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old provided him with means to seek a new home across the sea. My parents were blood relationscousins in the second degree — my mother, whose maiden name was Minor, having descended from a collateral branch of my father's family. Before leaving Ireland they had two children, and on the 6th of March, 1831, the year after their arrival in this country, I was born, in Albany, N. Y., the third child in a family which eventually increased to six--four boys and two girls. The prospects for gainire be) absenting one's self from school without permission, to go on a fishing or a swimming frolic. Such at least was my experience more than once, for Mr. McNanly particularly favored my mother's house, because of a former acquaintanceship in Ireland, and many a time a comparison of notes proved that I had been in the woods with two playfellows, named Binckly and Greiner, when the master thought I was home, ill, and my mother, that I was at school, deeply immersed in study. However, with t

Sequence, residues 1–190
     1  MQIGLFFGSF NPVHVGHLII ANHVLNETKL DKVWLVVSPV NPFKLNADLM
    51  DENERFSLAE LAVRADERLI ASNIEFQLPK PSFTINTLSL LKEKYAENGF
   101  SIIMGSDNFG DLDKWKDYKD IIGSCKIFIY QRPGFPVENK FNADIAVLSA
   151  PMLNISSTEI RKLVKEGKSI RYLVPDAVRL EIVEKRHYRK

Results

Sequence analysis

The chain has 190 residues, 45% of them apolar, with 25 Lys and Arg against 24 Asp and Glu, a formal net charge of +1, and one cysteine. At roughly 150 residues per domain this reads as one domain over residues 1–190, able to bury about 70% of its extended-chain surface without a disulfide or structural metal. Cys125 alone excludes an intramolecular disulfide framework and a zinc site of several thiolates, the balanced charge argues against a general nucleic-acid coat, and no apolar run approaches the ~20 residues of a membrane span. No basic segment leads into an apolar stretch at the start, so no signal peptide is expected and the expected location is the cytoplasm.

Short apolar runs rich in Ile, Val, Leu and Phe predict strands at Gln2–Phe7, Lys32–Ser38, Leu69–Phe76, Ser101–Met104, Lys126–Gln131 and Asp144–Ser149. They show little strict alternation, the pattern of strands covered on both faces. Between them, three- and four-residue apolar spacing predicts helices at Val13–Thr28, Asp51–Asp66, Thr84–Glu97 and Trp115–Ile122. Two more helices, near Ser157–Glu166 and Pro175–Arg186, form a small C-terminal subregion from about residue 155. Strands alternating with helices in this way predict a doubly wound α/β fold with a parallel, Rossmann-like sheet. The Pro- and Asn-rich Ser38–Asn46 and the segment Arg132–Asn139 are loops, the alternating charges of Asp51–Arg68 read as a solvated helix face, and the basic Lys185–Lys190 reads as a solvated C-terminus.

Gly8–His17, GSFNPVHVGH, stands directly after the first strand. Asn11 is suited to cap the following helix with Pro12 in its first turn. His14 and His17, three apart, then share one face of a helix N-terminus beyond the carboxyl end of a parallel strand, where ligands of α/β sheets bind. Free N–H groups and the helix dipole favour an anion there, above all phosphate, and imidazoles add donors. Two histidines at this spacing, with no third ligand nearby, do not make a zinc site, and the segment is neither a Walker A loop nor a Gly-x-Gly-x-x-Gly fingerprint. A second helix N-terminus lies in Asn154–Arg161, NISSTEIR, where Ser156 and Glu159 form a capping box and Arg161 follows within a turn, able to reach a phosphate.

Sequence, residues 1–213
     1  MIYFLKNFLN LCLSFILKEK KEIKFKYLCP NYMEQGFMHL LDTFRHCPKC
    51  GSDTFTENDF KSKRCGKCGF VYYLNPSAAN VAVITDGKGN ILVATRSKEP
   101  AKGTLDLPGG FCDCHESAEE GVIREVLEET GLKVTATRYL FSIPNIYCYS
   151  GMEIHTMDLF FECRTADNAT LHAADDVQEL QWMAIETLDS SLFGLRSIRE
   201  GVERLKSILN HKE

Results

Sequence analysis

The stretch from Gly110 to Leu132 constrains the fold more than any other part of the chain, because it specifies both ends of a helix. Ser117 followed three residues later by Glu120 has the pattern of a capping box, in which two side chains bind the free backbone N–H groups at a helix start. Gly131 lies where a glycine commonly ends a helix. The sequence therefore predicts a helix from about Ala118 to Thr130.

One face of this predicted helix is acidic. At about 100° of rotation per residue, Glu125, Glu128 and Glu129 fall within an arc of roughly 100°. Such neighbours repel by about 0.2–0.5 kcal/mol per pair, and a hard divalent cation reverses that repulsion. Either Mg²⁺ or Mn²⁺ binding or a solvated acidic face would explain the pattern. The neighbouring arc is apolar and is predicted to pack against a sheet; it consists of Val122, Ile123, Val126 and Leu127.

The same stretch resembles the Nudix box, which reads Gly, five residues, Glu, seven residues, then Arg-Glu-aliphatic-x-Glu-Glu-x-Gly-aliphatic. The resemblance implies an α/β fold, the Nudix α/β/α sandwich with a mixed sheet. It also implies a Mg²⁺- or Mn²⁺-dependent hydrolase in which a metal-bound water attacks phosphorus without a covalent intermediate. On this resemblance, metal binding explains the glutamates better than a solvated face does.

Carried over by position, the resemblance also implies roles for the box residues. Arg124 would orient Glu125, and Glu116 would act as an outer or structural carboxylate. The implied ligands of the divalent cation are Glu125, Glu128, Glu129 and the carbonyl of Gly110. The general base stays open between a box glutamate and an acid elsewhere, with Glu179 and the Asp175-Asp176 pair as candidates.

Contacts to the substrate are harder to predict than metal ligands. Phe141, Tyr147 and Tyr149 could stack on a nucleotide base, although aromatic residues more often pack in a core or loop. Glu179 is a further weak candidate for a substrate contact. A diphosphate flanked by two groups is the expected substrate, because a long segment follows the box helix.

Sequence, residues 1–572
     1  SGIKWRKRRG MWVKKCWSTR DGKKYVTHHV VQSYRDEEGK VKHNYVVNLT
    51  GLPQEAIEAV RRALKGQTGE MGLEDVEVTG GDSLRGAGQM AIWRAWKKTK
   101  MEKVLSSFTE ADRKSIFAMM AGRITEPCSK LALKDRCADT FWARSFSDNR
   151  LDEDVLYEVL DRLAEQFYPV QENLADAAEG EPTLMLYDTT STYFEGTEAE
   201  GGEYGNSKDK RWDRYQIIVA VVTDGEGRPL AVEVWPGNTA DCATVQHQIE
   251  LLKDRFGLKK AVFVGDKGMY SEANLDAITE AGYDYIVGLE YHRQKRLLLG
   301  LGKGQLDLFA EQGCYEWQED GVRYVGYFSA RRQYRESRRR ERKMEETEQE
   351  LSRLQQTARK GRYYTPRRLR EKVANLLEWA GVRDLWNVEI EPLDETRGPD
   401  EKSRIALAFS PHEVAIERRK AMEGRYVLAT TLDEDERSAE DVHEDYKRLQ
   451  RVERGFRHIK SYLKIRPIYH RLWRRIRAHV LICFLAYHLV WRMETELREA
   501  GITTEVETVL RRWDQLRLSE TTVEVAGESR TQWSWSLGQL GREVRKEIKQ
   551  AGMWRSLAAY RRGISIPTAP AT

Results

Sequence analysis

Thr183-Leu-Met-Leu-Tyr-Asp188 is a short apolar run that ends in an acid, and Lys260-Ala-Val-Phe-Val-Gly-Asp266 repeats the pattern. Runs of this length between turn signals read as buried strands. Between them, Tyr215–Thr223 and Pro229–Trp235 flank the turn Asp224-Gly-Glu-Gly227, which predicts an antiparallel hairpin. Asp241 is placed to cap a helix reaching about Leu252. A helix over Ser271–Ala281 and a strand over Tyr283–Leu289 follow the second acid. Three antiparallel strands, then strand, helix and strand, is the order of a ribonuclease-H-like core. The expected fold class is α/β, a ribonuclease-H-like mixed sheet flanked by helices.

hey gone than factional quarrels, which had been going on at intervals ever since the flight of the Empress and the fall of her regency on the 4th of September, were renewed with revolutionary methods that eventually brought about the Commune. Having witnessed one or two of these outbreaks, and concluding that while such turbulence reigned in the city it would be of little profit for me to tarry there, I decided to devote the rest of the time I could be away from home to travel in England, Ireland, and Scotland. My journeys through those countries were full of pleasure and instruction, but as nothing I saw or did was markedly different from what has been so often described by others, I will save the reader this part of my experience. I returned to America in the fall, having been absent a little more than a year, and although I saw much abroad of absorbing interest, both professional and general, yet I came back to my native land with even a greater love for her, and with increased